Welcome to the interactive guide to the Roehampton Research Student Conference 2013. The theme for this years conference is 'Making a Difference'.
Now in it's third year the Roehampton Research Student Conference aims to bring together some of the sharpest minds from Roehampton's Graduate School. Please follow us here for more updates and information about the event.
The second panel for the Roehampton Research Student conference will focus on
how our research 'Challenges the Arts'.
The panel chair for this
research is to be confirmed. Please refer back to this page for updates.
1) Alice Hasmik Kolandjian (Department of English and
research analyzes women writers from the Romantic period that utilize the
Classics, particularly the works of Ovid and Apuleius, and tailor their own
versions of the myths to address the perception of women and gender roles of the
period. More specifically, my work focuses on Mary Robinson’s Sappho and Phaon
(1796), Mary Tighe’s Psyche; or, The Legend of Love (1805), and Mary Shelley’s
Proserpine (completed 1820). Aside from being written by women, all three
pieces deal with views that strongly suggested women’s primary place was within
the domestic realm. These works oppose characterizations of women that upheld
restrictive roles such as weakness, naivety, and passivity. Contrasting to
these characteristics, the female characters embody strong traits such as
endurance, independence, and activeness.
am interested in how and why these women writers use the Classics to question
gender roles. Furthermore, I am interested in what sources they use and how
they use them. My research analyzes the subtle changes made to the original
texts, what these changes suggest, and how these changes affect the
understanding of women and gender roles. The goal of my research is to better
understand how Robinson, Tighe and Shelley address the perception of women,
recreate women’s place in myths, and challenge restrictive gender models. I
will also investigate these women’s education and their access to the Classics.
Although focused on these three pieces, my research will incorporate other
significant works that connect to these works.
Hasmik Kolandjian is currently a PhD English Literature Student at the
University of Roehampton. Originally from Los Angeles, California, she received
her B.A. in English from UCLA in 2010 and her M.A. in English Literature from
CSUN in 2012. Her current research focuses on Mary Robinson, Mary Tighe, and
Mary Shelley and their use of the Classics to address perceptions of gender.
2) James Davies (Department of English and Creative
Minimalism and Slowness.
practice based research is an investigation into minimalist poetry. Part of my
project seeks to define what constitutes a poetics which uses minimalism as its
primary stylistic method and philosophy. The inquiry outlines a number of key
techniques and/or outcomes which might be inherent in such poetries. One such
characteristic of minimalist poetry I call ‘slowness’. In this method poets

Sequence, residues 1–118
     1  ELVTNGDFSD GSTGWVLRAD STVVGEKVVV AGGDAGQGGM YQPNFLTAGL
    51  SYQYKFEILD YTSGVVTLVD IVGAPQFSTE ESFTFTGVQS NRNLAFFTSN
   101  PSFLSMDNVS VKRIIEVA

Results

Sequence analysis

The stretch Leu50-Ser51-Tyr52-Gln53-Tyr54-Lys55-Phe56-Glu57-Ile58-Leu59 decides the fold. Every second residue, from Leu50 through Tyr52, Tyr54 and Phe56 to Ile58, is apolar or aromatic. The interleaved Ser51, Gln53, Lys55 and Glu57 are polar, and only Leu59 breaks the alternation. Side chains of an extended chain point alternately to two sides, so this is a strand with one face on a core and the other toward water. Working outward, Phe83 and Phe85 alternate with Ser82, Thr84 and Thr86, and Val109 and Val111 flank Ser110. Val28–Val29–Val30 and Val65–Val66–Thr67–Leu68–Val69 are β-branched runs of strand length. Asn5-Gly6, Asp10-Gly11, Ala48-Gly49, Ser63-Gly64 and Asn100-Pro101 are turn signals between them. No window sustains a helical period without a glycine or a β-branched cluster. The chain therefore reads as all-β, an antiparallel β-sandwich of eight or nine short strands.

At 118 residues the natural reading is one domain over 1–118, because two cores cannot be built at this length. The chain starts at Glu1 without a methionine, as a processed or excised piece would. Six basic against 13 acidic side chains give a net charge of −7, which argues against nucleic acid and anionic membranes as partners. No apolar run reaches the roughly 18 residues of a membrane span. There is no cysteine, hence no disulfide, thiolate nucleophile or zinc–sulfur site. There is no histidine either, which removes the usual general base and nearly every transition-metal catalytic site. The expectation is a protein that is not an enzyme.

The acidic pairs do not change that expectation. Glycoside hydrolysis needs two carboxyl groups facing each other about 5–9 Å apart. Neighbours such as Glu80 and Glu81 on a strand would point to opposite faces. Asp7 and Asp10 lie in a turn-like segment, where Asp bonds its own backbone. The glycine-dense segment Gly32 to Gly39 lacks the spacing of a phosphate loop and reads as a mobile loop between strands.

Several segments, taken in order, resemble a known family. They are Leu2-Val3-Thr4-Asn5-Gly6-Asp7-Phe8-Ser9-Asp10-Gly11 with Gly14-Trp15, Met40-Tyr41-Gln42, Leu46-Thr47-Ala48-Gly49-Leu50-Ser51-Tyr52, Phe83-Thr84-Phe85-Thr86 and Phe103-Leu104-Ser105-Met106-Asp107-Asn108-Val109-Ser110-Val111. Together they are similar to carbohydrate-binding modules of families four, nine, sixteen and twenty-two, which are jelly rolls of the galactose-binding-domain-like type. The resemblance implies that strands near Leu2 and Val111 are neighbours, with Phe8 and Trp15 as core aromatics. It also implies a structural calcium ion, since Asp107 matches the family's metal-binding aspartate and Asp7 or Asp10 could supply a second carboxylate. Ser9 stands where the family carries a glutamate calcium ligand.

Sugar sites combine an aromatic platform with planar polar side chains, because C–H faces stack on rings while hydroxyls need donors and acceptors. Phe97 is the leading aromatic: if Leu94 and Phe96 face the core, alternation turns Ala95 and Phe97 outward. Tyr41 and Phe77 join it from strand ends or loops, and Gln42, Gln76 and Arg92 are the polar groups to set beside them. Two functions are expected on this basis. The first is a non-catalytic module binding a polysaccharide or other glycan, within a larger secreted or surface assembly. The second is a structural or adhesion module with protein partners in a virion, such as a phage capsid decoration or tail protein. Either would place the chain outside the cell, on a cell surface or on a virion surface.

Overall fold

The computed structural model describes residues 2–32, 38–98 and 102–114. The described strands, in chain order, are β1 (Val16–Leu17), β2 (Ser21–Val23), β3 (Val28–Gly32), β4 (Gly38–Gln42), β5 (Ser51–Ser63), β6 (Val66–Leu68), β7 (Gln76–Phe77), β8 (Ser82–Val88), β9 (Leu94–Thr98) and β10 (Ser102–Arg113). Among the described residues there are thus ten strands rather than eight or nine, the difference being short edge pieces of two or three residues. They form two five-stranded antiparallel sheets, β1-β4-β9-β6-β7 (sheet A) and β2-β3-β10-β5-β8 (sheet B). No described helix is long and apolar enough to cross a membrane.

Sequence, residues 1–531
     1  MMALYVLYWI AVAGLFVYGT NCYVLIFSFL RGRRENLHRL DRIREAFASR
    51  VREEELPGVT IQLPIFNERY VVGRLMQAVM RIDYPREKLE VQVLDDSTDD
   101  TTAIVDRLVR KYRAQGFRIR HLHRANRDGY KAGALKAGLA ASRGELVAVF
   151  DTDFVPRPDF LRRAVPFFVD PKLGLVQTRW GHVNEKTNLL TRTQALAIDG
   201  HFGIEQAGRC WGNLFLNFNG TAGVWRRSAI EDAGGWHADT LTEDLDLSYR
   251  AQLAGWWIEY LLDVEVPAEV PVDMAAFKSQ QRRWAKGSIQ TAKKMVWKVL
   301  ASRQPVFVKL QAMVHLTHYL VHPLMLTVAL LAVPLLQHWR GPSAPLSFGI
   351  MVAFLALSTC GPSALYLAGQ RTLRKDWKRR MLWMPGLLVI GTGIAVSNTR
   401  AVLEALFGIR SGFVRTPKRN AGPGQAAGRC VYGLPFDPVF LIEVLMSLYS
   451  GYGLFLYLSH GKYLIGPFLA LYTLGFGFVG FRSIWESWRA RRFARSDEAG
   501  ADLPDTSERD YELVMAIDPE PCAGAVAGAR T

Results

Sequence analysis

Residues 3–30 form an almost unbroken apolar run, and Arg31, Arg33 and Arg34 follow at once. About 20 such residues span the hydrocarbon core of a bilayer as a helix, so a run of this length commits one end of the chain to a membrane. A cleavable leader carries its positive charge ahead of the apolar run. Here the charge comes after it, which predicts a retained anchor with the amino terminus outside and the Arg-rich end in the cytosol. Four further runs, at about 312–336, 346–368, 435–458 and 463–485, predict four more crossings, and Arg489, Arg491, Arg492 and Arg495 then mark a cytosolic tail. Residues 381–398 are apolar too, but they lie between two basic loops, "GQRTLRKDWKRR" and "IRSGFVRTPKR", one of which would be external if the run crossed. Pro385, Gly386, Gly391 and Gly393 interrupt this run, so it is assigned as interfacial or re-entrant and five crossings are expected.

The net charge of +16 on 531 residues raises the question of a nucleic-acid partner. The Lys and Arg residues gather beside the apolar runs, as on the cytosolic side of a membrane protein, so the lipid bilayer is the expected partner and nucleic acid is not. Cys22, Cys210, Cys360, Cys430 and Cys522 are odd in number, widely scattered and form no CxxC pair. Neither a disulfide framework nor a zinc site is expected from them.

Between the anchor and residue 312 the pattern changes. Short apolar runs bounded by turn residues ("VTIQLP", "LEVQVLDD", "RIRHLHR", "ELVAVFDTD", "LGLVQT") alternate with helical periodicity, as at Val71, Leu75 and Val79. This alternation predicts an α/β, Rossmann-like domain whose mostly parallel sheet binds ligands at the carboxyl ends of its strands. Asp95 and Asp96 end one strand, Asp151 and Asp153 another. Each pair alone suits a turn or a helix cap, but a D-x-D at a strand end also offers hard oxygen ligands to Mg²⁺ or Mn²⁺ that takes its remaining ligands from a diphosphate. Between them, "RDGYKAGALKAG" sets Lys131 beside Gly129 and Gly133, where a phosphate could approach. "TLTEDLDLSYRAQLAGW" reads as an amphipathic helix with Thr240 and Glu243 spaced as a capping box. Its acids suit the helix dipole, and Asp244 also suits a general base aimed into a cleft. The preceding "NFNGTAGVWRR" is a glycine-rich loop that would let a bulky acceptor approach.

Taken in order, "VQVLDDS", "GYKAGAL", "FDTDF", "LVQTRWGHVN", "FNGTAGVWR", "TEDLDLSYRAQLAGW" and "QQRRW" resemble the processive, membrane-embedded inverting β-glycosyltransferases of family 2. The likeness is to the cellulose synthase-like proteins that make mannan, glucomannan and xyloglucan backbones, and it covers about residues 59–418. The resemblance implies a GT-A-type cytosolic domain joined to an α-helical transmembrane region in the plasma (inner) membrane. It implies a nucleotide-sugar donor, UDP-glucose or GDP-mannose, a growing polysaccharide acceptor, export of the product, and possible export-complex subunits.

attempt to slow down the reading process in structural terms, making aspects of
the work spatial rather than time based. Slowness should not be confused with
writing that holds us due to its complexity or non-comprehensibility. On the
contrary, slowness directs and permits readers to have long and intense
engagements with often very simple works, works which entertain the idea of the
hyper-beautiful, the possible and which interfere with the speed of capitalist
consumption. I will outline a number of ways in which poets have done this in
the twentieth and twenty first centuries and then offer a few examples of how I
am adapting this particular method in my creative practice both in page based
and digital poetry.
Davies is the author of Plants, Absolute Elsewhere and Acronyms.
In 2008 he co-founded The Other Room poetry series in Manchester and set up his
poetry press if p then q. He is studying for a PhD in Creative Writing at The
University of Roehampton with a particular focus on minimalist poetry and
writers such as Robert Grenier, P. Inman and Stephen Ratcliffe.
3) Cristina de Lucas (Department of Dance)
Four Early Narrative Ballets by Kenneth MacMillan
proposal is intended to open up a debate in the role of research in the arts.
My project focuses on dance as a theatrical art and the work of a specific
choreographer but the impact my research can make both in and outside the
academia shares common traits with the research carried out in other areas such
as Film, Performance or Literary Studies. Is research in arts and culture a
matter of interest for the academic world only? Can it be of any use to
society? I will offer some tentative answers based on examples from my own
project investigates four narrative ballets by the British choreographer Kenneth
MacMillan (1929-1992). My aim is to examine the context and internal elements
of these pieces (choice of subject matter, movement style, structure,
characters, music, design, etc.), extracting conclusions about his
choreographic devices and influences. I am particularly interested in the way
MacMillan deals with narrative. How does he develop a story? Which elements
does he use to delineate the characters? How are emotions and ideas expressed?
What is the relevance of movement? How is it combined with other ingredients
such as music or set and costume designs? These are some of my research
de Lucas possesses an interdisciplinary background in Law, English Philology
and Ballet Studies. In her professional career she has combined roles as
diverse as legal advisor, cultural promoter or arts critic. In addition to her
research at Roehampton, she keeps on writing about dance and cinema,
contributing regularly to several publications in Spain and UK.